- Identifying marks may also be misleading when two species are similarly marked. For example, the "horns" of the great horned owl are also found on the eastern screech owl. The difference between the birds is size; a great horned owl is about the length of an adult's arm from the elbow to the fingertip, while the eastern screen owl is about the length of an adult's hand from wrist to fingertip. (Fledgling raptors, such as hawks, owls, and eagles, are just as large as their parents when they leave the nest.)
Many animals migrate within our state, as well as to, from and through our state. Over 50% of the bird species we see are migratory. One hundred and sixty species are considered neotropical migrants. These birds migrate to Mexico and South America. While swallows, warblers, and osprey are summer visitors, other species like snow geese and many birds of prey spend the winter here. April through May and September through October are the months that many birds pass through our state to their breeding or wintering grounds. These are also the months that many native species migrate from one elevation to another (i.e. up and down mountains).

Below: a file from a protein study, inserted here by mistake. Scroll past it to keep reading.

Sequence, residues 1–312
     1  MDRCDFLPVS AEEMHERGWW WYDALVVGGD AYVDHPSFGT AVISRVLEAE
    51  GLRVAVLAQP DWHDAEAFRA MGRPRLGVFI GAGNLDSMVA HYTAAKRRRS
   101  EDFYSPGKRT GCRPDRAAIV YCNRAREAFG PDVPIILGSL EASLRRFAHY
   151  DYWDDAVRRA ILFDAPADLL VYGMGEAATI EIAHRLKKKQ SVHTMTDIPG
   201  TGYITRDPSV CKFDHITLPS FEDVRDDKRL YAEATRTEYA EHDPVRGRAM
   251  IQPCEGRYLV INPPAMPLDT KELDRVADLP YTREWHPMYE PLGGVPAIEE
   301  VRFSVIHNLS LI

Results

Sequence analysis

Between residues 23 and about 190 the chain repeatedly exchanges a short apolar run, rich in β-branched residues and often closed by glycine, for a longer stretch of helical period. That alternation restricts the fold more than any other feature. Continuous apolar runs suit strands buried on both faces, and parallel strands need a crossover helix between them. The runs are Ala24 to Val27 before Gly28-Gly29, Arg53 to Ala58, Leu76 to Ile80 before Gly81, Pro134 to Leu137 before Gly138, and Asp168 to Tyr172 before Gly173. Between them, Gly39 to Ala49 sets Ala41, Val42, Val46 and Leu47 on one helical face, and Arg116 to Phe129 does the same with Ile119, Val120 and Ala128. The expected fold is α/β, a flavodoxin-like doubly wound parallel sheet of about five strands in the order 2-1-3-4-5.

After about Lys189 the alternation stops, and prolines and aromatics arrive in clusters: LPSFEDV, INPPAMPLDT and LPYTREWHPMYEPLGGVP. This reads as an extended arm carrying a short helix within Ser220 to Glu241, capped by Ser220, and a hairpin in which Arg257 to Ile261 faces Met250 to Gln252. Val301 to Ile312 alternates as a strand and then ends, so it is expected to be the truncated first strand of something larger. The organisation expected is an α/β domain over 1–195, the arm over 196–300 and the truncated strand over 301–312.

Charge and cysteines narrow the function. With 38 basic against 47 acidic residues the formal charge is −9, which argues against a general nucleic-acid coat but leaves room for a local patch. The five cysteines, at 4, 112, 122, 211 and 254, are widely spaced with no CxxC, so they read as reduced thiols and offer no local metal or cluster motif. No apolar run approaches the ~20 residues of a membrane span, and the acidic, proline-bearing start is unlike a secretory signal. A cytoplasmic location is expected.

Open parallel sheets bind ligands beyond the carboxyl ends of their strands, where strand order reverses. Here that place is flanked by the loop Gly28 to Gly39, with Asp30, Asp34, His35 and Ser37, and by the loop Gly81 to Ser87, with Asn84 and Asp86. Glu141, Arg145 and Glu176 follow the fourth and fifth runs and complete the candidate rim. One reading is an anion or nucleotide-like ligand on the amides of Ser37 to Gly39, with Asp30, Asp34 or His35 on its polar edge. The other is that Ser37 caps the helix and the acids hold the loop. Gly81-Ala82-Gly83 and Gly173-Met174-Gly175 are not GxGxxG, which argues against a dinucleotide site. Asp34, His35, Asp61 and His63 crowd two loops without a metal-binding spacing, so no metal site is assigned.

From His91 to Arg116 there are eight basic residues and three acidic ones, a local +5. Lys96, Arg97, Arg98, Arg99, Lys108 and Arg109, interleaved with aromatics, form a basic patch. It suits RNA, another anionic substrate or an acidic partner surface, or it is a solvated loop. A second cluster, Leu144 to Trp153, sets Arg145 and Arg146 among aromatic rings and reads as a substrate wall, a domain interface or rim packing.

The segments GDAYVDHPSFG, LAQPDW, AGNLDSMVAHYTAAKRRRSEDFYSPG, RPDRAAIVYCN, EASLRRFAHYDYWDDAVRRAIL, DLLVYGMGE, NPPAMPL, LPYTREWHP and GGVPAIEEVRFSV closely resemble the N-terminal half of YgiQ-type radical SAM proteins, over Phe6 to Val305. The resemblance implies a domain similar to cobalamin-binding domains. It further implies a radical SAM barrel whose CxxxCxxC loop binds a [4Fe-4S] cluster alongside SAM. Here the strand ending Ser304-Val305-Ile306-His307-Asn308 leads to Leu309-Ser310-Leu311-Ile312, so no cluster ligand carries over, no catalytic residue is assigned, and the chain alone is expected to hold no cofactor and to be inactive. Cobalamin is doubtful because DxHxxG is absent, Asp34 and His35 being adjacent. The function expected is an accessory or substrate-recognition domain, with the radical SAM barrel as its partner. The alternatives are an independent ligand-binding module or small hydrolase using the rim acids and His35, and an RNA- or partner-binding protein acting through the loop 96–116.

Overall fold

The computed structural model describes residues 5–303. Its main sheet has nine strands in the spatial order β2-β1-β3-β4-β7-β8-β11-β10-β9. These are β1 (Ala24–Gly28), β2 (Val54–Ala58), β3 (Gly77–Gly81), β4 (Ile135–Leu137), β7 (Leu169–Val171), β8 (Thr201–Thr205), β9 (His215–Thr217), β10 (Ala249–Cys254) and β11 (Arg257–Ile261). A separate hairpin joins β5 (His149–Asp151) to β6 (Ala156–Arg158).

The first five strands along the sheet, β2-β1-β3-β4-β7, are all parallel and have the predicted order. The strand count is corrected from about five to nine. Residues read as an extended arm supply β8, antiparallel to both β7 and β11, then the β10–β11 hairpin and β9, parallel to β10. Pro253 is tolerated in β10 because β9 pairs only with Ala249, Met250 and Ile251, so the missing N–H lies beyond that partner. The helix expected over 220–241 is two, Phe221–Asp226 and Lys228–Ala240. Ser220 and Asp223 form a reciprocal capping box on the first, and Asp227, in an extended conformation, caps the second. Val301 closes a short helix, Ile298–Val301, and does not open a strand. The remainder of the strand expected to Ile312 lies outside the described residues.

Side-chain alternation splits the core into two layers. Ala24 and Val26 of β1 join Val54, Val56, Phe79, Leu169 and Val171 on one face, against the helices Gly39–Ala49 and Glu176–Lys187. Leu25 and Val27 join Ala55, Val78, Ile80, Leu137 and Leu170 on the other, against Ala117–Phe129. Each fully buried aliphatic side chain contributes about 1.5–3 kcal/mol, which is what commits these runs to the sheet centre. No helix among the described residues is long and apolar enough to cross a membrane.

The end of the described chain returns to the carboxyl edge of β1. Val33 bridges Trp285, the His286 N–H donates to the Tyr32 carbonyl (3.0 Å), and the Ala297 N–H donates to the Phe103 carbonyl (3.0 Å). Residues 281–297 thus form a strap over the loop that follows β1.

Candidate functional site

Looking at the Right Time to View Animals
Wildlife use different parts of their habitat at different times of the year. Different species are also active at different times of the day. Knowing what to look for and when will increase your chances of observing wildlife.
Spring is the breeding season for most animals. Adult bird activity is usually the highest at sunrise and at sunset all year round, but in the spring, nestlings must be fed from sunrise to sunset. All nestlings are fed insects; even some owls eat insects.
Many insects need a certain amount of warmth before they become active. So, on rainy or chilly days, you might see the same amount of bird activity during late morning or early afternoon as you would see at sunrise on a warm day.
Don't forget that many animals are active from dusk to dawn. Make a list of animals active during this time. (Hint: rodents, frogs, bats, owls, common nighthawks and whip-poor-wills.) Even ducks will catch insects at night if there is enough moonlight.
Reptiles and Amphibians (Herps)
Most herps can be found readily from spring through fall. Field guides are very helpful to distinguish markings and colors. However a number of subspecies may be indistinguishable from one another in the field. Field identification marks and details of the geographic distribution may assist in the final identification.